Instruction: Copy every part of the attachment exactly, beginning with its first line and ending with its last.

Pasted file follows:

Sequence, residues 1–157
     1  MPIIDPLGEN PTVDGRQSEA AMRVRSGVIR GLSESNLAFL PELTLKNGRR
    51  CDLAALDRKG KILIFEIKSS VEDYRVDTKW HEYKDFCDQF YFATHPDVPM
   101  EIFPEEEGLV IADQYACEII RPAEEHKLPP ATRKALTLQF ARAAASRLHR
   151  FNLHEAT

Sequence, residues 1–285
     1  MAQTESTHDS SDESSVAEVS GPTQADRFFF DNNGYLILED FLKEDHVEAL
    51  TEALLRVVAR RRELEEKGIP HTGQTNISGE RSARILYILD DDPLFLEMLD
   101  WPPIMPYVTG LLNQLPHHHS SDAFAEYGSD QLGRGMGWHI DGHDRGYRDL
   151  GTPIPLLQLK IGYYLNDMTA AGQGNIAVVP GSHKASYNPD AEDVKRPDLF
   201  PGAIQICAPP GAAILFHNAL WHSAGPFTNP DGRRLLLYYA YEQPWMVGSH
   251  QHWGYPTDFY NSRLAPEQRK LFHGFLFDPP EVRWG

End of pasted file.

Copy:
Sequence, residues 1–157
     1  MPIIDPLGEN PTVDGRQSEA AMRVRSGVIR GLSESNLAFL PELTLKNGRR
    51  CDLAALDRKG KILIFEIKSS VEDYRVDTKW HEYKDFCDQF YFATHPDVPM
   101  EIFPEEEGLV IADQYACEII RPAEEHKLPP ATRKALTLQF ARAAASRLHR
   151  FNLHEAT

Sequence, residues 1–285
     1  MAQTESTHDS SDESSVAEVS GPTQADRFFF DNNGYLILED FLKEDHVEAL
    51  TEALLRVVAR RRELEEKGIP HTGQTNISGE RSARILYILD DDPLFLEMLD
   101  WPPIMPYVTG LLNQLPHHHS SDAFAEYGSD QLGRGMGWHI DGHDRGYRDL
   151  GTPIPLLQLK IGYYLNDMTA AGQGNIAVVP GSHKASYNPD AEDVKRPDLF
   201  PGAIQICAPP GAAILFHNAL WHSAGPFTNP DGRRLLLYYA YEQPWMVGSH
   251  QHWGYPTDFY NSRLAPEQRK LFHGFLFDPP EVRWG